Global gas markets could tighten in next few years
BAKU, Azerbaijan, Nov.21
By Leman Zeynalova – Trend:
The global gas markets are soft today but could tighten in the next few years, and new projects will need to be sanctioned to meet future demand, Trend reports citing Deloitte’s 2020 oil, gas and chemical industry outlook.
“A number of projects were sanctioned in 2019, both in the United States and internationally, but most were either brownfield or sold without long-term offtake contracts. This is not an option for greenfield developers relying on project financing. Instead, finding anchor buyers in 2020 is expected to be key,” reads the report.
Deloitte analysts point out that while the US gas market remains a key strength for domestic developers, the contract terms are no longer as differentiated as they once were, with competitors willing to provide flexibility in a buyers’ market. “Add in tariffs and low oil prices, US cargo pricing is not as attractive as it once was. That has not stopped the market.”
The report says that the US LNG export growth has been near exponential since 2016, exceeding 5 billion cubic feet per day (bcfd) for the first time in 2019.
“It has not stopped growing yet, and once the current projects under construction are completed and fully ramped up, export capacity could hit 10 bcfd by 2021. While European and Asian prices are at decade lows, Henry Hub prices remain even lower, supporting the competitiveness of US LNG exports into a soft global gas market. This has cut into profits for existing exporters, but it poses a bigger challenge for project developers looking to sanction in 2020—and it is not the only headwind on the horizon,” said Deloitte.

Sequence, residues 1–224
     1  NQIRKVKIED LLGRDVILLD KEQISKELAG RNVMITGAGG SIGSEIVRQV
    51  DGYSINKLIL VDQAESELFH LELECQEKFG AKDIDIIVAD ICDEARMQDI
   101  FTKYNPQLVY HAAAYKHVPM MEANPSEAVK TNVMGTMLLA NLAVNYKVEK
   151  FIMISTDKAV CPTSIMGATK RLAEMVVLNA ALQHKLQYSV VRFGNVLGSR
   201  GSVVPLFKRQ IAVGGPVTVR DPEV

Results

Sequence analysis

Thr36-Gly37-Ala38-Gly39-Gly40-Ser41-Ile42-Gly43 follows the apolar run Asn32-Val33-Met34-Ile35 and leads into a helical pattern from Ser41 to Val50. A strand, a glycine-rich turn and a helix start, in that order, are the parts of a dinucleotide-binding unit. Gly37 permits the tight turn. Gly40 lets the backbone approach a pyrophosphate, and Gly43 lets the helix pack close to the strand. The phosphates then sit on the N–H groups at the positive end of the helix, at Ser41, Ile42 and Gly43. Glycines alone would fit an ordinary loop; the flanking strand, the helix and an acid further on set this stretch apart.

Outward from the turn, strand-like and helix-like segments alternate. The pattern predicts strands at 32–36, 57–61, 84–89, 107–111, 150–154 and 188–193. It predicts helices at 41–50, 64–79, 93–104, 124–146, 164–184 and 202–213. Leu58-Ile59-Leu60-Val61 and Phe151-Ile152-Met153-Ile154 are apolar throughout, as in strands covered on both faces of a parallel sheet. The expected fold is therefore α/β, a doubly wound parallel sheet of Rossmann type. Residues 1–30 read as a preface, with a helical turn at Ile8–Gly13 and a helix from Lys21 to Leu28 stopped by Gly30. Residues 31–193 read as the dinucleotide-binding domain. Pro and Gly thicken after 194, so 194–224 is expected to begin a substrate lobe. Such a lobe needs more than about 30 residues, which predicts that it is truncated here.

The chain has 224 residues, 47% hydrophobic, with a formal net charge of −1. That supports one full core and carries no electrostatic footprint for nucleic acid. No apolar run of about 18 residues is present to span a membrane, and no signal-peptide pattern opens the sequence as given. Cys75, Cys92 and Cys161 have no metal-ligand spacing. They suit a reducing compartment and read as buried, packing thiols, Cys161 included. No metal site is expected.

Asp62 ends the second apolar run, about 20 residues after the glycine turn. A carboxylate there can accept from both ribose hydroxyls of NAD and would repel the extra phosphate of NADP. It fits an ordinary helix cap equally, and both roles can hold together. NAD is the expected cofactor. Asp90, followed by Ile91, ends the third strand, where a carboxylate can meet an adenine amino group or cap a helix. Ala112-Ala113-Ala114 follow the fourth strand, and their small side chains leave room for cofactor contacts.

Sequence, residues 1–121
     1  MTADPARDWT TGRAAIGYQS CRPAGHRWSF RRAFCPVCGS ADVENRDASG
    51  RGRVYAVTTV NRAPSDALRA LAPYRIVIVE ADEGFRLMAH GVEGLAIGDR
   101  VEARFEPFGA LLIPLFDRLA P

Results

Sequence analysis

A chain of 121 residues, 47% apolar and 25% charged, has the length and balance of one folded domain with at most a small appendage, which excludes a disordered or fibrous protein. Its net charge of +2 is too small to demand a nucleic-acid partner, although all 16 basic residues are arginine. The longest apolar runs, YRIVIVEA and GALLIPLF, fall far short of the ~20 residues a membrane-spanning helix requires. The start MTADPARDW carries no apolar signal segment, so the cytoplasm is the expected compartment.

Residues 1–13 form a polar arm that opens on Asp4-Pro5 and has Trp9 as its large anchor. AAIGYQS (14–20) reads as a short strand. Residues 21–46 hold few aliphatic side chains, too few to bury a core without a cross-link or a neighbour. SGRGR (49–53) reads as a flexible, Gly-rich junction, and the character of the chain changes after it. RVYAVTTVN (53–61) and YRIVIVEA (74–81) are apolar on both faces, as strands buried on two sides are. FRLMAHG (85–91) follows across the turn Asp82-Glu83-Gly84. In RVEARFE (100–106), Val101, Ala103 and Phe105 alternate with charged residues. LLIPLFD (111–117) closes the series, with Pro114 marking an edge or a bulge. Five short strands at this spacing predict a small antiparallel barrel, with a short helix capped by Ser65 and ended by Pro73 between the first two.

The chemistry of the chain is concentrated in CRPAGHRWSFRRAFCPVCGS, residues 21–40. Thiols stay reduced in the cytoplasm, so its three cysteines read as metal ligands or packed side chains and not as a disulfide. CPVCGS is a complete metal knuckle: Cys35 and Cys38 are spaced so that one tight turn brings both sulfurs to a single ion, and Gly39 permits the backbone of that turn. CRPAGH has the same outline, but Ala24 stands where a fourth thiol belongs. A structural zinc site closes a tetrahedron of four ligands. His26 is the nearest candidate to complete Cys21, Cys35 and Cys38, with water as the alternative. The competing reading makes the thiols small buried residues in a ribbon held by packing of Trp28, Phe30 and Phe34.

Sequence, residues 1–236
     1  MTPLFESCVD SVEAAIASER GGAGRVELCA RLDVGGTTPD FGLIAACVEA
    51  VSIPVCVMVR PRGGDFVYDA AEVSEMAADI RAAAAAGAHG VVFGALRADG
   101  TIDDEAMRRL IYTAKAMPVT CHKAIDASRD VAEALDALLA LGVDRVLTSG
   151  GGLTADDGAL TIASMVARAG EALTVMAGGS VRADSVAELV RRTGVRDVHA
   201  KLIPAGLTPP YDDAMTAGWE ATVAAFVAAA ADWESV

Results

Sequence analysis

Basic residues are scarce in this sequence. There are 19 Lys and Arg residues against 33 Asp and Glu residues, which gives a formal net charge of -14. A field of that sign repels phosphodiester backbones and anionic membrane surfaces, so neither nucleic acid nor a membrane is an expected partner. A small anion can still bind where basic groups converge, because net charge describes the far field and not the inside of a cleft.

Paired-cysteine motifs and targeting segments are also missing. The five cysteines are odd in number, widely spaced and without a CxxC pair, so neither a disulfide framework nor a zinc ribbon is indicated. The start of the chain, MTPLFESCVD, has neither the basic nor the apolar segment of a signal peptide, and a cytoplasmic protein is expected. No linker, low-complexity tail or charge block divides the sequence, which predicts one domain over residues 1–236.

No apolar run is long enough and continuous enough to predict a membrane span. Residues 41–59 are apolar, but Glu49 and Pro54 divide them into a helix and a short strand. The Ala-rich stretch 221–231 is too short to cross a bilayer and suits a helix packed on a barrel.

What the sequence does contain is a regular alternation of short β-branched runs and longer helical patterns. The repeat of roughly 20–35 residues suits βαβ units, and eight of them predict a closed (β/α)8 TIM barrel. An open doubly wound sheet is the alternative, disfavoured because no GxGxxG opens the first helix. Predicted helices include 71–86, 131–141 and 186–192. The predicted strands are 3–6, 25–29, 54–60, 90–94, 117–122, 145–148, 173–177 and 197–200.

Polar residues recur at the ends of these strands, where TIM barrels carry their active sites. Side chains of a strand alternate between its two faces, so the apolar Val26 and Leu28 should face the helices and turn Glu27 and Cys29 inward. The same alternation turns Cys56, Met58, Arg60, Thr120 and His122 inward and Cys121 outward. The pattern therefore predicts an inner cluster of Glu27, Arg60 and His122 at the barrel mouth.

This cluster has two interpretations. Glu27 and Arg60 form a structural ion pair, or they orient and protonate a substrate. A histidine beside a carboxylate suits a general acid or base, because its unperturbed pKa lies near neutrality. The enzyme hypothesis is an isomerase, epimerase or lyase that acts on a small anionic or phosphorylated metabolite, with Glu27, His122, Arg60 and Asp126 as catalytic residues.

The company expects changes in the second wave of US LNG.
“US LNG projects’ value proposition historically has been based on three things. First, access to a highly liquid and interconnected, low-price natural gas market. Second, contracts with flexible destinations and multiple pricing mechanisms. Third, lower, less volatile, delivered costs than many competing oil-indexed projects have built in recent years. This is likely to change for the second wave of US LNG.”
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